Live At The Apollo

James Brown

King Records, 1963

REVIEW BY: Sean McCarthy


Rightly hailed as one of, if not the greatest, live album of all time, James Brown’s Live at the Apollo –  much like Johnny Cash’s Live at Folsom Prison –  introduced millions of new listeners to his music without so much as a blockbuster single to promote it. And like Live at Folsom Prison, this album didn’t receive too much in the form of label support when the idea of recording a live album was initially pitched.

According to the liner notes of the 2004 edition (the original was released in 1963 on King Records), head of King Records Syd Nathan was opposed to releasing a live album from James Brown. After all, he does nearly 300 shows a year; this would just be one recorded show of 300. And with no single for promotions, Nathan thought it wouldn’t be profitable. my_heart_sings_the_harmony_web_ad_alt_250

What Nathan didn’t foresee was that Live at the Apollo would spend 66 weeks on the Billboard album charts, peaking at number two. He also didn’t foresee record stores consistently selling out of this landmark live album. And he certainly didn’t foresee DJs opting to play one entire half of the album on regular rotation.

If it was just James Brown in his hungry up-and-coming prime, this disc would have been special. But his band, shaped into one of the tightest backup bands in pop history and forged by Brown’s perfectionism and relentless touring, made the album magical. Music director Lewis Hamlin makes sure not a trumpet note is out of place. His direction is a marvel as the band zigzags through a dizzying nine-song medley, which included “Please, Please, Please,” “I Want You So Bad” and “I Found Someone.” With 14 songs (and portions of eight were included in the medley), the original Live clocks in at well under 40 minutes.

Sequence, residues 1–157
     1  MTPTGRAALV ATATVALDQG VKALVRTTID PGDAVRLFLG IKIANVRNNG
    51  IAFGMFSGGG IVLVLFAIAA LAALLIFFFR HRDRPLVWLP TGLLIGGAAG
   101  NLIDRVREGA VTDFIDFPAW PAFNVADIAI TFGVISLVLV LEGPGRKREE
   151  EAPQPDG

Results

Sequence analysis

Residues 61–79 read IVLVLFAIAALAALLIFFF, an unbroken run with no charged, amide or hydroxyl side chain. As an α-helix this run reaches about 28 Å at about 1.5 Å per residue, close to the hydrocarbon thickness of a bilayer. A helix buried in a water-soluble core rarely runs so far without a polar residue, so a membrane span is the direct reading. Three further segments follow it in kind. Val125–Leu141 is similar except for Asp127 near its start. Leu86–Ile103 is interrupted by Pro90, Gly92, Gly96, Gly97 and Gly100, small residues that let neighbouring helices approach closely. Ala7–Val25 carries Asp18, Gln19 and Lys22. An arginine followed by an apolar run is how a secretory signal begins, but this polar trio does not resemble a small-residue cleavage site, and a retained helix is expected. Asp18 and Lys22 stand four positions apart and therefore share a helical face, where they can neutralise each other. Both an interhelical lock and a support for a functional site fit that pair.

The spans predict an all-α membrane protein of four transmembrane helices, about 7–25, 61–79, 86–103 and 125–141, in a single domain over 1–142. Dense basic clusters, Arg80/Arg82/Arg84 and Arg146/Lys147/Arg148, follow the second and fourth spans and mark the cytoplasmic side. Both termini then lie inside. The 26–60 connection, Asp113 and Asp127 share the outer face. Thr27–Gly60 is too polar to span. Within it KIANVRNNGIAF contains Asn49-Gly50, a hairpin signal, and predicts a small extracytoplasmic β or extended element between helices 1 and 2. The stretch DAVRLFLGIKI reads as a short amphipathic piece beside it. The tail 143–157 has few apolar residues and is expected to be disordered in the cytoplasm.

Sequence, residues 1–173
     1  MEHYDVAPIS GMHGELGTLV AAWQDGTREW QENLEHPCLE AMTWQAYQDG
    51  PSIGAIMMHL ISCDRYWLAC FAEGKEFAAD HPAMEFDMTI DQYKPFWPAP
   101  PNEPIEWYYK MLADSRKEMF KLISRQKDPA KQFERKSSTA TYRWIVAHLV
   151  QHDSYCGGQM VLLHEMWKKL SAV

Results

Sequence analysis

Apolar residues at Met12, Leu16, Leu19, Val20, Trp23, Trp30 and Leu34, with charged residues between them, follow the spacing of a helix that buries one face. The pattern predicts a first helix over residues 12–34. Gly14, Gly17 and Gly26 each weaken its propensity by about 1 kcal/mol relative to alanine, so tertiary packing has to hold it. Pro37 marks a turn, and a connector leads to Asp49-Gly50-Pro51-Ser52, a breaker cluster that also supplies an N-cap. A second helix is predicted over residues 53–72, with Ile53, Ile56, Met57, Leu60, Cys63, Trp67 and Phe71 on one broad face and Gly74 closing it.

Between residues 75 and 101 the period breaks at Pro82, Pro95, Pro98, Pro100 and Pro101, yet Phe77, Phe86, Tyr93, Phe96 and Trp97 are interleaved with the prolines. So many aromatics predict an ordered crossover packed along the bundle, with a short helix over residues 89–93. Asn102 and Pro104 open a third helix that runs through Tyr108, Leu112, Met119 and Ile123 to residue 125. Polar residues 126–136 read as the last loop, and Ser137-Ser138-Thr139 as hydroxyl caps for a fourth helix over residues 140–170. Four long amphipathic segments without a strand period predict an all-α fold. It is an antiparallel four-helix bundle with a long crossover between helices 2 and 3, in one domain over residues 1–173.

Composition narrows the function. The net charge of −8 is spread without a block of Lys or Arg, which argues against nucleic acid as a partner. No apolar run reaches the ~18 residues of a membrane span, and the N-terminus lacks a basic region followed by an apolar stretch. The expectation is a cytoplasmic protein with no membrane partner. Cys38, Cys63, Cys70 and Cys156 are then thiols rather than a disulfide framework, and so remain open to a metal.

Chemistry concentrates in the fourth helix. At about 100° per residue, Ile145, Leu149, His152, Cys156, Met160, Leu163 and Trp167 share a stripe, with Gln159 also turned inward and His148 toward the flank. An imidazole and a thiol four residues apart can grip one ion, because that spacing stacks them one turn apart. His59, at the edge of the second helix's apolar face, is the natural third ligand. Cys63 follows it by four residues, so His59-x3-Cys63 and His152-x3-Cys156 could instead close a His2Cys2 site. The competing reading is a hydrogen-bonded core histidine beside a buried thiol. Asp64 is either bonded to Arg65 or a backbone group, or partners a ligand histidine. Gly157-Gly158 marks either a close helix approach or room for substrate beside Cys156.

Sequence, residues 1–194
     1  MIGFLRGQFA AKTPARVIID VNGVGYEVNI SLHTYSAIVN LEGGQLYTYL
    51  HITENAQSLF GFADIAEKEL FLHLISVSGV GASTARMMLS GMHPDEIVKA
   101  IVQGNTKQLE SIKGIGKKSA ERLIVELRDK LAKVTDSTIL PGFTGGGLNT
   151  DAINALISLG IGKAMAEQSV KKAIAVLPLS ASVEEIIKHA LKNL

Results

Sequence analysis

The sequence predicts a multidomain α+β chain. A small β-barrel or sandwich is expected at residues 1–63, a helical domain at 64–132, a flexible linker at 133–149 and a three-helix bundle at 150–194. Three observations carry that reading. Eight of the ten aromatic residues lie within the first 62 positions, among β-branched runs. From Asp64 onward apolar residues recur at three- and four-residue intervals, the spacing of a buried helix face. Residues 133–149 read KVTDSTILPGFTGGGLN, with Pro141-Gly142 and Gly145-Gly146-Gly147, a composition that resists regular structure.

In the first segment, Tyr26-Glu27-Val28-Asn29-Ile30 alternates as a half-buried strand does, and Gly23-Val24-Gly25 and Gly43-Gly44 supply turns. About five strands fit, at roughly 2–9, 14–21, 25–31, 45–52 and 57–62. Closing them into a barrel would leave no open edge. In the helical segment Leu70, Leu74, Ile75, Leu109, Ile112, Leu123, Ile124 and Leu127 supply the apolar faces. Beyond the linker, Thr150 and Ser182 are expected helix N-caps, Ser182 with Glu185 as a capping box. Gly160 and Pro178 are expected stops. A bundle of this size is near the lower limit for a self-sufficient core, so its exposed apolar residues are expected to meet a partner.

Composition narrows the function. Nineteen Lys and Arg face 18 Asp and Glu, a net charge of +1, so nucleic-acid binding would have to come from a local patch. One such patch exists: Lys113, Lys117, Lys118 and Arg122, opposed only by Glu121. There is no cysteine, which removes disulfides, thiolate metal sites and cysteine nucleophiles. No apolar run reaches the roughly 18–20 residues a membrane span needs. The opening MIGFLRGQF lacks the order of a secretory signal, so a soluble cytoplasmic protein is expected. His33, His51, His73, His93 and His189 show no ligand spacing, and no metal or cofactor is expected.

The Apollo was the perfect venue for James Brown. And James Brown was perfect for the Apollo. The venue’s patrons were famously known to be intolerant of any artist who did not give it their all during a performance. But for a perfectionist like James Brown, this was not an issue. The euphoric screams of the audience are as much a part of the recording as James Brown’s backing band is. This is especially evident on “Lost Someone,” where Brown leads the audience into a near orgasmic “call and response” hail of screams.

James Brown returned to The Apollo and recorded additional live albums, including a more than respectable 1968 follow-up. His 1962 live recording came during the Cuban Missile Crisis and was released a few months before John Kennedy was assassinated, while his 1968 album was released in the thick of the Vietnam War and the Civil Rights movement; it’s only fitting that James Brown’s best-known live recordings were released so near the defining moments of the ‘60s.

Rating: A

User Rating: A


© 2008 Sean McCarthy and The Daily Vault. All rights reserved. Review or any portion may not be reproduced without written permission. Cover art is the intellectual property of King Records, and is used for informational purposes only.